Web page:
Like other art forms whose purpose is not to sustain life (no one would die without paintings), culinary efforts made not for the sake of sustenance, but for artistic expression, would prioritize artistic communication over survival. Food as artistic communication is a difficult idea for us who are so steeped in the doctrine of the Good Food Paradigm. When is the last time you thought about the symbolic meaning of the coffee at Wooglin’s before thinking about how excited you were for the caffeine? But even when food is meant to be symbolic or to communicate something, its role in the Good Food Paradigm dilutes its message.

A bake sale raising money for a charity is an example of symbolic food within the Good Food Paradigm. The goods sold have a meaning beyond the pleasurable experience of ingesting a brownie or a cookie—they are symbols of having given to charity. But when the buyer of one of those well-intentioned muffins actually eats the thing, the symbolic importance of that muffin is veiled if not obscured by that muffin’s role as good-tasting sustenance.

But imagine a bake sale with revolting baked goods. Not poorly made goods, but cakes designed to disgust. Cookies advertised as revolting. Objects that no one could possibly want except as a means of charity. The message of buying and eating those revolting baked treats would be clearer and more affecting for their eaters. A revolting bake sale illustrates how a consumer would be forced to recognize the symbolic message of food. Its role is primarily an expression of the foodmaker, rather than for the pleasure of the consumer. Perhaps the goods from a revolting bake sale would symbolize the commitment of the eaters to the charity- not just their commitment to snacking on a scone.

If an artist has something important to say, he runs the risk of camouflaging his message in a pleasureable experience. If his message can be communicated through a means that is not enjoyable for an audience (and the artist thinks the message important enough to bare the outrage he will likely ignite) then he should communicate his message that way.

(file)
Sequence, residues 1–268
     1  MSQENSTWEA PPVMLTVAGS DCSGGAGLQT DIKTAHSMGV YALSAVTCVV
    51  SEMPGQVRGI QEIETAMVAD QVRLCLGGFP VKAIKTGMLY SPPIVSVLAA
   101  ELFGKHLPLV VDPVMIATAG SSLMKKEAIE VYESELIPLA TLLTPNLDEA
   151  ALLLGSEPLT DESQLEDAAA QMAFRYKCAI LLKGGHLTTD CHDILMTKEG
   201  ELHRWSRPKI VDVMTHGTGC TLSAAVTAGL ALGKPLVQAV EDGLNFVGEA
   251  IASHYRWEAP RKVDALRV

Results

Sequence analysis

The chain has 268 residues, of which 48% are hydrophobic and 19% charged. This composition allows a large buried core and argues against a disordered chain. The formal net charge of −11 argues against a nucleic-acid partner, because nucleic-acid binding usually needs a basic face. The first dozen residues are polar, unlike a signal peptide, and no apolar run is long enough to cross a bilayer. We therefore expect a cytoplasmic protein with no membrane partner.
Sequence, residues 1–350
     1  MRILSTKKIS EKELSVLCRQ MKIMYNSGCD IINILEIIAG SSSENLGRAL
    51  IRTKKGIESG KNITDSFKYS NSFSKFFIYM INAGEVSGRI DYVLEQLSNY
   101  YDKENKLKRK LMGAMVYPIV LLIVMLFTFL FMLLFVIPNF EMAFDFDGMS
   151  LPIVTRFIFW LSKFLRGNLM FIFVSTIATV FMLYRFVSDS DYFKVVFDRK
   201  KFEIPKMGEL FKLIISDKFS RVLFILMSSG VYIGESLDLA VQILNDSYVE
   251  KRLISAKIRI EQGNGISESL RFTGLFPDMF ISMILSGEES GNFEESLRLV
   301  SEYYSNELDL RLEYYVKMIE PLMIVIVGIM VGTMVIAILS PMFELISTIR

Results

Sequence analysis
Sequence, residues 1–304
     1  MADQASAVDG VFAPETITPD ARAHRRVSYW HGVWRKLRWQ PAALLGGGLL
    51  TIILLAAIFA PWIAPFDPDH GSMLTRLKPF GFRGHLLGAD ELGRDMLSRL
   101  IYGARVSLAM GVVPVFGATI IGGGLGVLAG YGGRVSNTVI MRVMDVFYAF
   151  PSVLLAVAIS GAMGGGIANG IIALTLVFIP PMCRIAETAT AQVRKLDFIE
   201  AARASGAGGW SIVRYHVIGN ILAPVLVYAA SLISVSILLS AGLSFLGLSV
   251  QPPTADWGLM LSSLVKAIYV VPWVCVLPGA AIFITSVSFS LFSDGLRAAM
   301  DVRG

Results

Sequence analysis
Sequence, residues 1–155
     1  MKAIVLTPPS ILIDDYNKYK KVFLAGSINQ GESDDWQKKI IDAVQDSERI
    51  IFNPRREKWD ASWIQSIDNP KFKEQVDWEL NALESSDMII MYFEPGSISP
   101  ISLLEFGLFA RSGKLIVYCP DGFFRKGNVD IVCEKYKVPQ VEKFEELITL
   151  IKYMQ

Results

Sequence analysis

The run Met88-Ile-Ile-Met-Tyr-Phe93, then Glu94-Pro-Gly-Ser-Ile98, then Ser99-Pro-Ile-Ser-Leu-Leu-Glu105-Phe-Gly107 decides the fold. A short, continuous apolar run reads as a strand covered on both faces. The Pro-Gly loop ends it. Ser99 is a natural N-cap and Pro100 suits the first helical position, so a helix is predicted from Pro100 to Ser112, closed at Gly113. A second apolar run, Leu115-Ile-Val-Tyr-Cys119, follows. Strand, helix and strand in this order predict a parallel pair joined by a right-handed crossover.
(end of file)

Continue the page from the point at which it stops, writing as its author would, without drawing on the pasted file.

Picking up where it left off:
The idea of food as artistic communication seems foreign to us because it is new. To those of us who are truly lost in Good Food Paradigm it probably doesn’t even make sense. But I can imagine a future where, in certain arenas, food is the central artistic mechanism for real discourse clarified and directed by displeasure. The physical qualities of food make it the perfect medium for discomfort. There is no art that can more intimately disgust its audience than food. 

Instead of burying our faces in popcorn when we watch a documentary about say, the treatment of pigs on huge commercial farms, why not force ourselves to eat pork prepared by a foodmaker of the Revolting Food Paradigm while we gag at the film? It would be horrible and unpleasant but isn’t that the point? By the credits, we’ve been bombarded from inside and outside by this unignorable message. We’ll leave the theater with revolt on our minds because of the revolt in our stomachs.

I am no foodmaker. My imaginations of what is possible in a Revolting Food Paradigm are the ideas of an outsider. But it only takes one to start a revolution. So if you are a foodmaker reading this, I appeal to you: just once, apply your culinary skill to disgusting somebody. See what happens when you revolt. I truly believe you will discover something amazing. Worst case, it will just be another bad egg salad sandwich.

  Adison Petti

Adison Petti